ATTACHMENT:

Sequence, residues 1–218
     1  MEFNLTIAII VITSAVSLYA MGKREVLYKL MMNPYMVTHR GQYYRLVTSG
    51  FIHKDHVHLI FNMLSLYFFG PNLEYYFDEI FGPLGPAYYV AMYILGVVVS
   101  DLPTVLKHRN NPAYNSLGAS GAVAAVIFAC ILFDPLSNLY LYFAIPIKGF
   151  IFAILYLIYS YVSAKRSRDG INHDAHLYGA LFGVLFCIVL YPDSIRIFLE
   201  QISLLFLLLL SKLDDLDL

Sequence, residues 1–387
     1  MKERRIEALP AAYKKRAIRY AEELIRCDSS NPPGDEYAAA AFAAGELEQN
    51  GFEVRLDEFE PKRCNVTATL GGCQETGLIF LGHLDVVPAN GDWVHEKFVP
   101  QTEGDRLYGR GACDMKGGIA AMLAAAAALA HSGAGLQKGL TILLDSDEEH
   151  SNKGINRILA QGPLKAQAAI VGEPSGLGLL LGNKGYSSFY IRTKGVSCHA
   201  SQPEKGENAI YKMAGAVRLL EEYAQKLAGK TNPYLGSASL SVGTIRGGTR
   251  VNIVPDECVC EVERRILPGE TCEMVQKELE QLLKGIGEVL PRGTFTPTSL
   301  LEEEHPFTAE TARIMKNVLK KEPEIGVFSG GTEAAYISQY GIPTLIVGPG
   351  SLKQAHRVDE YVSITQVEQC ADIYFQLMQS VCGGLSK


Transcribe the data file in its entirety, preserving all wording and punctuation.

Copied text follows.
Sequence, residues 1–218
     1  MEFNLTIAII VITSAVSLYA MGKREVLYKL MMNPYMVTHR GQYYRLVTSG
    51  FIHKDHVHLI FNMLSLYFFG PNLEYYFDEI FGPLGPAYYV AMYILGVVVS
   101  DLPTVLKHRN NPAYNSLGAS GAVAAVIFAC ILFDPLSNLY LYFAIPIKGF
   151  IFAILYLIYS YVSAKRSRDG INHDAHLYGA LFGVLFCIVL YPDSIRIFLE
   201  QISLLFLLLL SKLDDLDL

Sequence, residues 1–387
     1  MKERRIEALP AAYKKRAIRY AEELIRCDSS NPPGDEYAAA AFAAGELEQN
    51  GFEVRLDEFE PKRCNVTATL GGCQETGLIF LGHLDVVPAN GDWVHEKFVP
   101  QTEGDRLYGR GACDMKGGIA AMLAAAAALA HSGAGLQKGL TILLDSDEEH
   151  SNKGINRILA QGPLKAQAAI VGEPSGLGLL LGNKGYSSFY IRTKGVSCHA
   201  SQPEKGENAI YKMAGAVRLL EEYAQKLAGK TNPYLGSASL SVGTIRGGTR
   251  VNIVPDECVC EVERRILPGE TCEMVQKELE QLLKGIGEVL PRGTFTPTSL
   301  LEEEHPFTAE TARIMKNVLK KEPEIGVFSG GTEAAYISQY GIPTLIVGPG
   351  SLKQAHRVDE YVSITQVEQC ADIYFQLMQS VCGGLSK